BPS school board to resolve impasse with teachers; District rejects magistrate’s recommendation


VIERA, Florida –  The Brevard County School Board will make the final decision on teacher pay after the school district on Thursday formally rejected a special magistrate’s recommendation of higher raises.

Superintendent Mark Mullins twice this week attempted to resolve a months-long impasse with the Brevard Federation of Teachers by inviting union leaders back to negotiations to hear an updated offer. Details of the offer could only be disclosed in a public meeting, not privately, under procedural rules. Union leadership declined.

“We continue to agree with the magistrate and the union that we should provide all the compensation we can for teachers,” Mullins said.  After the magistrate’s May 17 decision, Mullins said, the district continued to review budgets and state revenue projections in hopes of re-starting negotiations with BFT. 

“We have not stopped working to increase employee compensation,” Mullins said. “We have scrubbed our budgets, and we now have more confidence in future funding since the release of the state budget.  I’m disappointed that union leadership will not consider new, sustainable salary options.”

Next, following protocol, the superintendent and BFT leaders will submit their written recommendations to the school board for retroactive pay increases for the 2018-2019 school year. The board has not yet scheduled its meeting to resolve the months-long contract impasse.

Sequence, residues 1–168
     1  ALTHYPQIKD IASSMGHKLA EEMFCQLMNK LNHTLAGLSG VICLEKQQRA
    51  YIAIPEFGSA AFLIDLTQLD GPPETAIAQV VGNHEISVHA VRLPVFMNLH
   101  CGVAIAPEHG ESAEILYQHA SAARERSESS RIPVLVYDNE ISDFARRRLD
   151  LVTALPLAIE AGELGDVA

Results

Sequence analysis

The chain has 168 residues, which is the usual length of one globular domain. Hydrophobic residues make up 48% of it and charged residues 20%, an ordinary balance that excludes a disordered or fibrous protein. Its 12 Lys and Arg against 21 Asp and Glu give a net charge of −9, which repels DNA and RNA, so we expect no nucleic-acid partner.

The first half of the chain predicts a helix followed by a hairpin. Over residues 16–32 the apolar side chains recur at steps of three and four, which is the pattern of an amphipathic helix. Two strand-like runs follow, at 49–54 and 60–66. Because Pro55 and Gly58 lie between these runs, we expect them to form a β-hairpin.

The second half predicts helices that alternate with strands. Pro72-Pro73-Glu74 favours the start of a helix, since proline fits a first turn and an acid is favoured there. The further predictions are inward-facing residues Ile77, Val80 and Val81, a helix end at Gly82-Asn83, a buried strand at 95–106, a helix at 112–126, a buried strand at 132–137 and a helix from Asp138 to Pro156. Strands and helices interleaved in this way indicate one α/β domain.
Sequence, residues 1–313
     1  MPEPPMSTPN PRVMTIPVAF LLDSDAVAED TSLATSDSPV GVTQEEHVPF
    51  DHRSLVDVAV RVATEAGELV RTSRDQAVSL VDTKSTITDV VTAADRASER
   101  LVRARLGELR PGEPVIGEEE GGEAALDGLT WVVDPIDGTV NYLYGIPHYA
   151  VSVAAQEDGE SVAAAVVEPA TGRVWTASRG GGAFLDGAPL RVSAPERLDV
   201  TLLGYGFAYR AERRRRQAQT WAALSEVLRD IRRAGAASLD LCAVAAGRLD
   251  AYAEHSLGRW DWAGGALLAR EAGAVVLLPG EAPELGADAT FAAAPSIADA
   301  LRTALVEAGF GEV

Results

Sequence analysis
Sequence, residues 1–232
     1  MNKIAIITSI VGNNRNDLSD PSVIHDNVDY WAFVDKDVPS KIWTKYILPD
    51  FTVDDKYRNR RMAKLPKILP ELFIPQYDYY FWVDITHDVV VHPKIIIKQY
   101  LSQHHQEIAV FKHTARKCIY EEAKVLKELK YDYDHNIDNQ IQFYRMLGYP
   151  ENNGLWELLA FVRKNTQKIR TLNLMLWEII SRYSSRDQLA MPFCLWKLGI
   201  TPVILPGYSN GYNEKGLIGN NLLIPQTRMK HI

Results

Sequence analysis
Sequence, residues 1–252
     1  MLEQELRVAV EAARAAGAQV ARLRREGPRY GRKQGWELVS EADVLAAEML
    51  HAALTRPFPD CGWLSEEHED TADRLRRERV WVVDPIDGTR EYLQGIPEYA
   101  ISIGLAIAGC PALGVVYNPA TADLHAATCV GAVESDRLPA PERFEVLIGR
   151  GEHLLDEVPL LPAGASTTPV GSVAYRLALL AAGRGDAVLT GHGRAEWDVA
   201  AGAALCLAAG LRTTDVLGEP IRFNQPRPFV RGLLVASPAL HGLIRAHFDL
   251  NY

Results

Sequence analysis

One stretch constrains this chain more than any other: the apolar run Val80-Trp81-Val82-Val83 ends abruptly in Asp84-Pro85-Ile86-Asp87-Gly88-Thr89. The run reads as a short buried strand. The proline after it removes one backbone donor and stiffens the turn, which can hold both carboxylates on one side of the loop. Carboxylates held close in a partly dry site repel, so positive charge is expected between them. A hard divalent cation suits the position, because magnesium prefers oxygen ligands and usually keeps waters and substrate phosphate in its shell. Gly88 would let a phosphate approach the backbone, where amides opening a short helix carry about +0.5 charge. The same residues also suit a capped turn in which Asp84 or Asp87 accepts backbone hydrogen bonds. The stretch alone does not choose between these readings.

The district’s last offer in December called for paying the nearly 5,000 employees covered by the BFT contract a nonrecurring district bonus of $1,000. Teachers rated “highly effective” on performance evaluations would receive a permanent $770 salary increase, raising median pay from $45,798 to $46,568. Teachers rated “effective” would receive a raise of $540.

The special magistrate recommended that the district give larger, permanent raises by drawing from fund balances committed to purchases and contracts and to board-approved initiatives that include social workers, security officers and instructional coaches at schools. The magistrate’s recommendation was non-binding. The district and union had until this week to accept or reject it.

BPS rejected the magistrate’s recommended salary increases in a letter Thursday to the state Public Employee Relations Commission. Mullins said the district could not commit $8.5 million to permanent raises from fund balances that are not recurring.

Apart from the pay, the school district and BFT had tentatively agreed on several measures that would improve work conditions for educators including:

  • Providing more protected planning time for teachers and school counselors.
  • Allowing teachers to donate unused sick days to colleagues who need them.
  • Keeping disruptive students out of class longer.
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